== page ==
Three years ago I was faced with the possibility that I might die. My doctor told me I had an aggressive form of breast cancer and that I was scheduled for a mastectomy within 48 hours. In the flurry of activity that took place in those 48 hours – meeting my surgeon and being scanned and x-rayed within an inch of my life - I didn’t have time to contemplate the ‘d’ word until I was lying flat on my back in surgery.
As I stared up into what could have been mistaken for heavenly white lights, it occurred to me that I might be having my last conscious thought in this physical realm – I mean it’s not unheard of for people to die in surgery, right? I wish I could say I saw my dear departed loved ones or Jesus himself in that white light. I didn’t, but the very fact I even anticipated that I might was a vast comfort to me, one I can only put down to books that I’d read before all this drama began.
1. The Lovely Bones
About 12 years before my breast cancer diagnosis, my dear mother departed this earth after a brief illness. It all happened so fast and I was still in a state of shock when a client suggested a book that she’d found helpful after the death of her father - The Lovely Bones by Alice Sebold.
If you’ve read this book, you may have emitted a gasp by now – just like I did when perusing the back cover for the first time! The Lovely Bones is written from the perspective of 14-year-old Susie Salmon who is gruesomely murdered. One could be forgiven for thinking this is hardly appropriate post-parental-death reading and yet, Susie’s description of heaven being a conglomeration of the places on earth where she felt safe and loved, really resonated. While reading that book I had a very strong feeling in my own bones that my lovely Mum must now be in such a place.
2. Proof of Heaven
After a much longer struggle with Parkinson’s Disease, my dear father left us almost a decade later. This time, a friend gave me a mind-blowing read by Dr Eben Alexander called Proof of Heaven, which helped me to grapple once more with that pesky question of death.
Dr Alexander is a neurosurgeon who suffered a massive brain infection that put him in a deep coma for seven days. While his family were told to prepare for the worst, he was having a vivid experience of consciousness in a heavenly realm, beyond his physical form.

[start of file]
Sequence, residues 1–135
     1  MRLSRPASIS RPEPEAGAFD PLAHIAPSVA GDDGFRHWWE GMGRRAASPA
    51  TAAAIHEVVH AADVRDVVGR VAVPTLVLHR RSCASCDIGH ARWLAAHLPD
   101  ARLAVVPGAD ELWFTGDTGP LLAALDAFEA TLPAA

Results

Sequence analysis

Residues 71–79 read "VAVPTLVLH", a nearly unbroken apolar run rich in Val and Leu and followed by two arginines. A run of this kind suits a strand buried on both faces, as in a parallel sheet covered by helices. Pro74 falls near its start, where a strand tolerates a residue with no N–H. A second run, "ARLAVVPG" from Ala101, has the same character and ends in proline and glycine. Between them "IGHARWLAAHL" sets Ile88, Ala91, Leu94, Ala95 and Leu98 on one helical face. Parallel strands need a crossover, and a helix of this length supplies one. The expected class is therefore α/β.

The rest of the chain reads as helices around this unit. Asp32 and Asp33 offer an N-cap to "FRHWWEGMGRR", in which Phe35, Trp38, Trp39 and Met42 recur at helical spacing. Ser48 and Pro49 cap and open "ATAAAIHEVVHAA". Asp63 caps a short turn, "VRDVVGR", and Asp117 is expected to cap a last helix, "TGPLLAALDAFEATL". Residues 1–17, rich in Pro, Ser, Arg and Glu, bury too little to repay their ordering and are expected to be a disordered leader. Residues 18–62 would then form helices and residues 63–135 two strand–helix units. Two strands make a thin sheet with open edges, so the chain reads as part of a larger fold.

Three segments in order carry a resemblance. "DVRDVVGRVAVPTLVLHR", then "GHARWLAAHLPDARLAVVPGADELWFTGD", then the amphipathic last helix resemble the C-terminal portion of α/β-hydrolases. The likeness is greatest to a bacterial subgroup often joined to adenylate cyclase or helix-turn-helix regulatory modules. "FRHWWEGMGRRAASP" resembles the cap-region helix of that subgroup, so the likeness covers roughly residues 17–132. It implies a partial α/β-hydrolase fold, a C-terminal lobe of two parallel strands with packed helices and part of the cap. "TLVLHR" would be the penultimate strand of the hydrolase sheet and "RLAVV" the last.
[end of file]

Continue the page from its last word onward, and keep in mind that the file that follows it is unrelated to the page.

The intense irony of this story is that before his illness, Dr. Alexander had counselled many patients who’d had NDEs (near death experiences), essentially putting the phenomena down to some errant brain activity. But when he miraculously emerged from the coma, Eben saw from his own medical records that his neocortex had been completely shut down by the infection while, at the very same time, he was enjoying a technicolour, surround-sound tour of another reality. And he actually remembered the experience in compelling detail, apparently without the help of his brain.
Interestingly, before I read Dr. Alexander’s beguiling descriptions of "the beyond," my family had already chosen the quote from Shakespeare’s Hamlet as Dad’s epitaph – "Goodnight sweet prince and flights of angels sing thee to thy rest." While reading Proof of Heaven, after the fact, I joyfully visualized my dad, his body now unencumbered by debilitating disease, winging his way alongside those "flights of angels," all of them singing and probably dancing a bit too.
3. Dying to Be Me
Very soon after receiving my own cancer diagnosis, but before I’d endured chemotherapy (which is the closest I’ve felt to death-warmed-up so far), at least three people suggested I read Dying to be Me by Anita Moorjani. This is a fascinating tale of Anita’s four-year battle with cancer that went feral in her body. She had a prolonged NDE while comatose in the hospital as her family gathered by her bedside to say their good-byes.
Anita’s story is riveting and the revelations from her extended trip to "the other side" are, well, revelatory in the extreme. And the greatest of these is love, to coin a phrase from another really popular book! Turns out that love, self-love in particular, is essential to life both here and in the beyond. Furthermore, when offered the choice of staying here on earth or moving on, Anita chose to return - chose being the operant word, leading me to think we humans are more in control of whether we live or die than we think we are.
4. The Top Ten Things Dead People Want to Tell You
The very fact that a book with a name like this even exists speaks volumes to me. The author, Mike Dooley (yes, the very same Mike who founded this TUT website), makes a statement in the introduction that literally stopped me in my tracks - "Turns out that wondering about death can teach you a lot about life."
You can say that again!
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